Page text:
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PSY 440: Physiological Psychology

This is a course guide for the course PSY 440: Physiological Psychology

Credibility for Clinical Studies

When you start researching you will encounter many different types of evidence such as systematic reviews, randomized controlled trails, clinical guidelines and opinion articles. These different resources will not all have the same "weight" in terms of reliability and trustworthiness. To assist you in determining what is the most reliable, the levels of evidence hierarchies will guide you. 

Evidence hierarchies are systems used to rank evidence according to certain criteria.

Hierarchy of Evidence

Case Controlled studies are where researchers conduct a comparison of cases with a particular outcome and cases without a particular outcome to evaluate the participants' exposure. 

Case Series/Case Report is a research design that track patients with a known exposure given similar treatment or examines their medical records for exposure and outcomes. 

Cohort Studies with a control group are those where a group of people with something in common (a cohort) are followed. This group is compared to another group with similar characteristics/circumstances, with the exception of the factor being investigated. 

Cross-Sectional studies involve data collected at a defined time, providing a snapshot of a disease in the population (observational studies).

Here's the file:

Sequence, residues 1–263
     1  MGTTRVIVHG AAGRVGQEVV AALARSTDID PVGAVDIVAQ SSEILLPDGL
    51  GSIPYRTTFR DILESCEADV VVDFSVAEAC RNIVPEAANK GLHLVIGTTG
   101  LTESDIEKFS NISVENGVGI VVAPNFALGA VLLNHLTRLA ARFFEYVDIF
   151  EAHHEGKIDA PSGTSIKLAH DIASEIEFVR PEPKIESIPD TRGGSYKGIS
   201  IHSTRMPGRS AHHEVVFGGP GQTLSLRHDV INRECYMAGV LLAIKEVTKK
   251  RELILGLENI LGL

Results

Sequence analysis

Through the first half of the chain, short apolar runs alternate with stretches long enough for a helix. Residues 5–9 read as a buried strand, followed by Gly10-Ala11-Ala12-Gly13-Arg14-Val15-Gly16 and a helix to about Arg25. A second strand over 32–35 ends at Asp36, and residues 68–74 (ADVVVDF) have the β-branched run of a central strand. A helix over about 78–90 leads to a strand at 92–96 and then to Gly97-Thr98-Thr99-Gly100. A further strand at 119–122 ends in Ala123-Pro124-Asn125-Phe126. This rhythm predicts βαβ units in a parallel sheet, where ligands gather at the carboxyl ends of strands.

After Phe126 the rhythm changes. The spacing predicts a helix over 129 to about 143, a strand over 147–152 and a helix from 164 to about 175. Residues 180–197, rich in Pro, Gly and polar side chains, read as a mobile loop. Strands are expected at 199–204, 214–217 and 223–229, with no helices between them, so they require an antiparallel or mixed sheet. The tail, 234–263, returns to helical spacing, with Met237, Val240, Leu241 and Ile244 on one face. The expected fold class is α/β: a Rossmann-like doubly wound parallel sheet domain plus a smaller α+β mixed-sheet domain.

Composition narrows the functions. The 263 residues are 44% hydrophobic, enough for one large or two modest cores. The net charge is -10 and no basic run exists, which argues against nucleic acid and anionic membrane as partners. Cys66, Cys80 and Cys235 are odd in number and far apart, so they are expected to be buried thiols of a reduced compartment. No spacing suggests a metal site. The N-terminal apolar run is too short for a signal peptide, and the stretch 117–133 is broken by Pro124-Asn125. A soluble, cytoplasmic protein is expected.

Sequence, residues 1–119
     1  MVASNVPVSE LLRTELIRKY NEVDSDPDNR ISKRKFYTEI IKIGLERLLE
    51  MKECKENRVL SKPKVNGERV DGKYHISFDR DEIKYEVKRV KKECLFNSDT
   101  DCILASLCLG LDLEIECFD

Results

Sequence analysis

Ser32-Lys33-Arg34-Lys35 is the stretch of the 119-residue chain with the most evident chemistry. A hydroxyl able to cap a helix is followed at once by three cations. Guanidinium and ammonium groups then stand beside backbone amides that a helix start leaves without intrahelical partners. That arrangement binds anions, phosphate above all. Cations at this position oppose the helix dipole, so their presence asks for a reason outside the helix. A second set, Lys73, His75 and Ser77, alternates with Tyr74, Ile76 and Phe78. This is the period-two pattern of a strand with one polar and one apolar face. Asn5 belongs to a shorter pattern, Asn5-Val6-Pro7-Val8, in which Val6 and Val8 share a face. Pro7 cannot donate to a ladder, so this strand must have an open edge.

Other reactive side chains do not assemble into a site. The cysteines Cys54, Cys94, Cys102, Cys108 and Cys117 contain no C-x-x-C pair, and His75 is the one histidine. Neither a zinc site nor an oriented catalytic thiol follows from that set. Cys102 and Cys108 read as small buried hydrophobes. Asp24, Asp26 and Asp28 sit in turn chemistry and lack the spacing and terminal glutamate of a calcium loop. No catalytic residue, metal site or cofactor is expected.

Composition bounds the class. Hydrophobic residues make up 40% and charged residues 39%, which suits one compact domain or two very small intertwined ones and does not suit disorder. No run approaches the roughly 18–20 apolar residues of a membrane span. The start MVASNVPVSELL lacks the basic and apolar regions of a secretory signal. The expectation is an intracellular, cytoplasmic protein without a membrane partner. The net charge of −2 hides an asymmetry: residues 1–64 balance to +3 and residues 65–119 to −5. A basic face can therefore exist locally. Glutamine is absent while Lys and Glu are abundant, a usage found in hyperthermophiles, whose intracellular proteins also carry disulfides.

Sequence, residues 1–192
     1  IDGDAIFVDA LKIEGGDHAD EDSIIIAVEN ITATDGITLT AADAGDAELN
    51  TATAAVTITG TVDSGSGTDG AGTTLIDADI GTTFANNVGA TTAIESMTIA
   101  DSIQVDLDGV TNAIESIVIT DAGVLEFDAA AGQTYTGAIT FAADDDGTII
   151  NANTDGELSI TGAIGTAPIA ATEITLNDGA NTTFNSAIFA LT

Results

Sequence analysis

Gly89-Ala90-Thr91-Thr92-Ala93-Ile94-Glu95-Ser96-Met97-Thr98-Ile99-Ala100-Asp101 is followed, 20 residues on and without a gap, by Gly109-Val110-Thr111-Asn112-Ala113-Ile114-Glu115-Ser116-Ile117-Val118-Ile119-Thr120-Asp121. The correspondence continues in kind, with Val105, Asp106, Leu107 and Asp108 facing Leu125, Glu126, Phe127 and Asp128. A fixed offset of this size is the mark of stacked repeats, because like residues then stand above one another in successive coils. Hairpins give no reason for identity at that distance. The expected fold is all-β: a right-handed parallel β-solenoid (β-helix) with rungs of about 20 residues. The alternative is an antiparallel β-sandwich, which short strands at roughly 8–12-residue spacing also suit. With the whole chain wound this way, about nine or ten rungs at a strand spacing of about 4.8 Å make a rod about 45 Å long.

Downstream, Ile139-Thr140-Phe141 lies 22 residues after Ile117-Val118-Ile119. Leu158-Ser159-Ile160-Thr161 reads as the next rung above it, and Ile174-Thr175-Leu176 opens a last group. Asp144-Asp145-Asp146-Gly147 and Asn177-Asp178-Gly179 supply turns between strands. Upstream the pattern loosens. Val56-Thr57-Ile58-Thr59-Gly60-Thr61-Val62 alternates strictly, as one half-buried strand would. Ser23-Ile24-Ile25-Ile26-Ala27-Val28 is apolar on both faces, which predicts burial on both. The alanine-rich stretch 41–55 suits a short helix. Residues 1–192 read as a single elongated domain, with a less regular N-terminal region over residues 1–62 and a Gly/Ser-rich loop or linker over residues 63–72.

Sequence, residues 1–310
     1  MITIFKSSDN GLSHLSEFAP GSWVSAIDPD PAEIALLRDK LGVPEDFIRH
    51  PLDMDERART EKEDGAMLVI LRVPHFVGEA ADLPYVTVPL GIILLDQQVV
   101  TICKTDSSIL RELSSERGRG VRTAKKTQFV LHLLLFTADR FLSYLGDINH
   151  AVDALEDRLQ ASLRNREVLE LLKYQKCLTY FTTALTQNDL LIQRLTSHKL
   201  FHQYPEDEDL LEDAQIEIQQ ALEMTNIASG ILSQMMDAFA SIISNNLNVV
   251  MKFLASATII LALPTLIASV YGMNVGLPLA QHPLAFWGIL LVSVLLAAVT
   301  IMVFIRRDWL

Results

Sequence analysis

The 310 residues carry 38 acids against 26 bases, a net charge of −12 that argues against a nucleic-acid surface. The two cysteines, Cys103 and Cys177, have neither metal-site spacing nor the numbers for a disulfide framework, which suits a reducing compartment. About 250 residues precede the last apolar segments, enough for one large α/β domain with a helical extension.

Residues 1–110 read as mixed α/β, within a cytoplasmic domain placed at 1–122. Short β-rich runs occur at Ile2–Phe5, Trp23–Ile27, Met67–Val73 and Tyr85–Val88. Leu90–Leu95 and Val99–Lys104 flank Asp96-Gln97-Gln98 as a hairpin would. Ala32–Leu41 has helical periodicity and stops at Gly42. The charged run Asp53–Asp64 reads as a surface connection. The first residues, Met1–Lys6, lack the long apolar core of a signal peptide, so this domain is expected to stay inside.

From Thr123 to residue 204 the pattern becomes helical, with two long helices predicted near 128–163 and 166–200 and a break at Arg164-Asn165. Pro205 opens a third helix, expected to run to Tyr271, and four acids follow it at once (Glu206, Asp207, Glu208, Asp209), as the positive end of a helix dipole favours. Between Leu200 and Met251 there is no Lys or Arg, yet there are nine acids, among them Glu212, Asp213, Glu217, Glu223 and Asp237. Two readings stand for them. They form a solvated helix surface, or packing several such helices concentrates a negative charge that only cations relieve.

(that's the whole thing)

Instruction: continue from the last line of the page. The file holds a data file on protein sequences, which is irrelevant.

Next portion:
Meta-analysis uses statistical methods to pool the results of independent studies (quantitative). 

Meta-Synthesis is a qualitative analysis of a group of individual studies in which the finding of the studies are pooled. 

Randomized Clinical Trails is an experiment using human beings in which the investigator randomly assigns participants in the trial either to a treatment or control (no treatment) group. 


Hopp, L., & Rittenmeyer, L. (2012). Introduction to evidence-based practice: A practical guide for nursing. Philadelphia: F.A. Davis.

UIC Evidence Based Practice Tutorial,

National Health and Medical Research Council (NHMRC)

Credibility of Sources

Filtered Information

Filtered Information appraises the quality of a study and recommend its application in practice. Filtered literature means the critical appraisal of the individual articles has been done for you. It will often provide a more definitive answer than individual research reports. 

Types of Filtered Information: 

  • Systematic Reviews 
  • Critically-appraised Topics 
  • Critically-appraised Individual Articles

Examples of Filtered Information: 

  • Cochrane Database of Systematic Reviews
  • BMJ Clinical Evidence

Unfiltered Information

Unfiltered Information are original research studies that have not yet been synthesized or aggregated. They can be more difficult to read, interpret, and apply to practice. 

Types of Unfiltered Information: 

  • Randomized Controlled Trials
  • Cohort Studies 
  • Case-controlled studies
  • Case Studies
  • Case Reports

Examples of Unfiltered Information: 

  • Medline
  • PubMed